Strawberries are a common type of fruit that can be eaten as a nutritious and refreshing treat on hot days or used as a topping for desserts such as ice cream and cake. Strawberries offer numerous nutritional benefits, such as supplying essential vitamins and minerals, but they aren't ideal for all diets. You may find some nutritional aspects of strawberries to be drawbacks considering your personal nutritional needs, so focusing on a different fruit may be more appropriate.
Low in Calories
If you're an athlete or have high calorie needs due to a demanding job or fast metabolism, eating strawberries may be an inefficient way to get the calories you need. A cup of whole strawberries contains just 49 calories, which is much less than other carbohydrate-based foods; a cup of cooked oatmeal provides 147 calories. Because strawberries aren't high in calories, it would take very large portions to obtain significant amounts of calories.
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Low in Protein
Strawberries are low in protein, with about 1 g in each cup. Protein is an essential nutrient that your body uses to build and maintain muscles and other tissues. In addition, research indicates that diets with a high ratio of carbohydrates to protein, which is similar to the nutritional profile of strawberries, can be detrimental for body composition. A study published in the March 2011 issue of "Nutrition & Metabolism" found that increasing the ratio of carbohydrates to protein in diets resulted in more energy storage in fat cells and less storage in muscle -- in other words, more fat gain and less muscle gain.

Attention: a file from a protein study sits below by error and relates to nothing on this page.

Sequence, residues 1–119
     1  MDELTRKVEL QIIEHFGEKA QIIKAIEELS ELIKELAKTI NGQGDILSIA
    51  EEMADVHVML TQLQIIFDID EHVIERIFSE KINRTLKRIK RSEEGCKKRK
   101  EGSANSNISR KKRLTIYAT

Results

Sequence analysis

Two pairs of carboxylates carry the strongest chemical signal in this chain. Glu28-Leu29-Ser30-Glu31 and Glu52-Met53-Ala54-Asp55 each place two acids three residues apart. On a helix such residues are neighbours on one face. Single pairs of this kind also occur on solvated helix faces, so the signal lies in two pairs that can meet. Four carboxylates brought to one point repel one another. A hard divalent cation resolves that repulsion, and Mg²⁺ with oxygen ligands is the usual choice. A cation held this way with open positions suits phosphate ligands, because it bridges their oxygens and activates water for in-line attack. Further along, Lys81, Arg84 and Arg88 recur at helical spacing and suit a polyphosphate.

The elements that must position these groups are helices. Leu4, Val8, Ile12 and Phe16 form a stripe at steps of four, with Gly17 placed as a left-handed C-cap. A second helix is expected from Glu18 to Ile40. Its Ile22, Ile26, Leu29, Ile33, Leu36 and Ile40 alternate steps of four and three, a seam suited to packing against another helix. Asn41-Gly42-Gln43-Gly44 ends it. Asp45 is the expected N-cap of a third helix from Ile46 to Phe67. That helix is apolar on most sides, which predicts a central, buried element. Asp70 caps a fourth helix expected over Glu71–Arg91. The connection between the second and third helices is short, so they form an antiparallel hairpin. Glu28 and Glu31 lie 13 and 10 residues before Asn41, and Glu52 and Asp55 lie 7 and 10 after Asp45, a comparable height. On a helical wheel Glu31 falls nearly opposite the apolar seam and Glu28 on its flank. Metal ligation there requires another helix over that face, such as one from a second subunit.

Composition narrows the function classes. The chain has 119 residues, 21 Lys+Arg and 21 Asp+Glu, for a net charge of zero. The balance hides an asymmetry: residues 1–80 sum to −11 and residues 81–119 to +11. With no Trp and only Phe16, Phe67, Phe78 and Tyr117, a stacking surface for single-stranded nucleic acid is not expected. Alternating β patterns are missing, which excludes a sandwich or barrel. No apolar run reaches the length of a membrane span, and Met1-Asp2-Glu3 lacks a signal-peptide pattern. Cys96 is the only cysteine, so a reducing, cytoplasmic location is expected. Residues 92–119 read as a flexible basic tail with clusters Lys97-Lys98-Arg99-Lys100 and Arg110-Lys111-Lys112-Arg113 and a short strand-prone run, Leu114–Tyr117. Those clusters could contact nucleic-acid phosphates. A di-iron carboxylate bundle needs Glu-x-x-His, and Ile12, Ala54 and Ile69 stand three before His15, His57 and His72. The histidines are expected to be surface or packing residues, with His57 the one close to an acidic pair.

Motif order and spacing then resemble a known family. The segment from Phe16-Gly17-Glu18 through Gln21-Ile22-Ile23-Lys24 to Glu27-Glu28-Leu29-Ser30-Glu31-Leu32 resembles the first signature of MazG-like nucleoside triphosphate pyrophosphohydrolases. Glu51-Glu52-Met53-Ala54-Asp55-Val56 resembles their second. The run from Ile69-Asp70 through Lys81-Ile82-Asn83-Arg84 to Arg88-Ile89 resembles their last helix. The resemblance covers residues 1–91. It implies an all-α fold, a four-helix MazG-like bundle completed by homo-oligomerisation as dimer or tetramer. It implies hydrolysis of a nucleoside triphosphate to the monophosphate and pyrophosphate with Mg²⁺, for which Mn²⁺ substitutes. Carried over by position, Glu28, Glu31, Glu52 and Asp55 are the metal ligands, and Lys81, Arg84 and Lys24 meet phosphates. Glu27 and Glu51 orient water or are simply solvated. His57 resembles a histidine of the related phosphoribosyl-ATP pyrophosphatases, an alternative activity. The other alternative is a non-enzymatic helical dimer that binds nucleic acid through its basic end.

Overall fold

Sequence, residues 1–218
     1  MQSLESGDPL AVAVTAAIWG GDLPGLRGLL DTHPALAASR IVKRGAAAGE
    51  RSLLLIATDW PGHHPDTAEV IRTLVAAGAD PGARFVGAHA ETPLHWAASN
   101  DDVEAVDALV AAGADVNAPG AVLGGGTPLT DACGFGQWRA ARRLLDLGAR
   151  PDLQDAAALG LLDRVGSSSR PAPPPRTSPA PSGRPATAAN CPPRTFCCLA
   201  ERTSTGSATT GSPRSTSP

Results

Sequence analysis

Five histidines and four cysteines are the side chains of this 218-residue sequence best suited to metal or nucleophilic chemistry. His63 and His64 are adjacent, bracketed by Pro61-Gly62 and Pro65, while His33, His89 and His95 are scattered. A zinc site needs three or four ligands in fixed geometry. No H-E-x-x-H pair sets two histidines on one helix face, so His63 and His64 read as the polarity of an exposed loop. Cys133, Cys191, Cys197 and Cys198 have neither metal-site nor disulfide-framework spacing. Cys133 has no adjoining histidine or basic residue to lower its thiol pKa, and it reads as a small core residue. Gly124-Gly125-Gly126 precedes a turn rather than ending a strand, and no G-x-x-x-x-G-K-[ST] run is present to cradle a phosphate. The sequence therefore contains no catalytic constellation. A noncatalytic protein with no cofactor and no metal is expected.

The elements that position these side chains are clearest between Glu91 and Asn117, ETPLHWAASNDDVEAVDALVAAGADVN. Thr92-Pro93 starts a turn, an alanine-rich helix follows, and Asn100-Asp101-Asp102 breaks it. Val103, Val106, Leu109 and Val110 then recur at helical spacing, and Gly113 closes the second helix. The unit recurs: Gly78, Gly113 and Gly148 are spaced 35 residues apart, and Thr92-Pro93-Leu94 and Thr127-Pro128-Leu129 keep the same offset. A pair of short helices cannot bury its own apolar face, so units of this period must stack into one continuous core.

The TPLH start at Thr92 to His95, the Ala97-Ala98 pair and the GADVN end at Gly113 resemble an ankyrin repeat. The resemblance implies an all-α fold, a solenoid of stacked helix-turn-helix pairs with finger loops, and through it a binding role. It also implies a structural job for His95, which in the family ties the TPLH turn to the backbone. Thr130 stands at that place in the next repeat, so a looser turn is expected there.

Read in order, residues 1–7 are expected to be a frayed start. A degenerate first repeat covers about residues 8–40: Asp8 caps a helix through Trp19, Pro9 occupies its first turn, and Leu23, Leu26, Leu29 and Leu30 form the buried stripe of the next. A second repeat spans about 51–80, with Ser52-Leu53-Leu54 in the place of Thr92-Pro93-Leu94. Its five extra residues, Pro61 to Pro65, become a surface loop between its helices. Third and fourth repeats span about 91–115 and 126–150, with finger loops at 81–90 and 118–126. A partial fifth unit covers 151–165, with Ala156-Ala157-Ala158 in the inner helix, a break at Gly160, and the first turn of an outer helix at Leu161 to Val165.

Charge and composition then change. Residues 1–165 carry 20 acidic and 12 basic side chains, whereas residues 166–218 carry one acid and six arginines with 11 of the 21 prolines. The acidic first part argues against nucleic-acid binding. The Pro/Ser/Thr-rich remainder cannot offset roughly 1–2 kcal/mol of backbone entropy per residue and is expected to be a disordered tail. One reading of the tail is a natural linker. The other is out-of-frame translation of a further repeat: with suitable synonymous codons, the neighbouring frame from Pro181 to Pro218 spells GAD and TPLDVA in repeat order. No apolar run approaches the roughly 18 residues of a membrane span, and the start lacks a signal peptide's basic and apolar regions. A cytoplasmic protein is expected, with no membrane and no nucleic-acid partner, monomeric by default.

Low in Fat
Strawberries, as with many other fruits, are very low in fat. A cup of strawberries provides less than .5 g of fat. While this keeps the calorie content low, it means that eating strawberries won't be very filling, as fat encourages satiety. Additionally, dietary fat is required for the absorption of some vitamins, so taking a multivitamin with strawberries alone would be less than ideal.
High in Sugar
Strawberries are high in sugar, with 7 g in each cup, an amount comprising 63 percent of the total carbohydrates. While sugar does provide energy, it can also "reactive low blood sugar," or a sugar crash after the initial spike in energy, which can leave you feeling fatigued. Additionally, sugar can promote tooth decay, as this simple carbohydrate forms an acid that attacks your teeth when it comes into contact with the plaque that covers them.
Low in Vitamins
Although strawberries provide a number of essential minerals and high levels of vitamin C, the fruit provides very low amounts of other vitamins, such as vitamins A, E, D or K. They contain minimal levels of the B vitamins with the exception of folate. While vitamin C is beneficial, you do need other vitamins for optimal health.
- USDA National Nutrient Database: Strawberries, Raw
- LIVESTRONG.COM MyPlate: Calories in Instant Oatmeal, Cooked
- "Nutrition &amp; Metabolism"; Increased Ratio of Dietary Carbohydrate to Protein Shifts the Focus of Metabolic Signaling from Skeletal Muscle to Adipose; S. Devkota, D.K. Layman; March 2011
- MedlinePlus; Dietary Fats; August 2011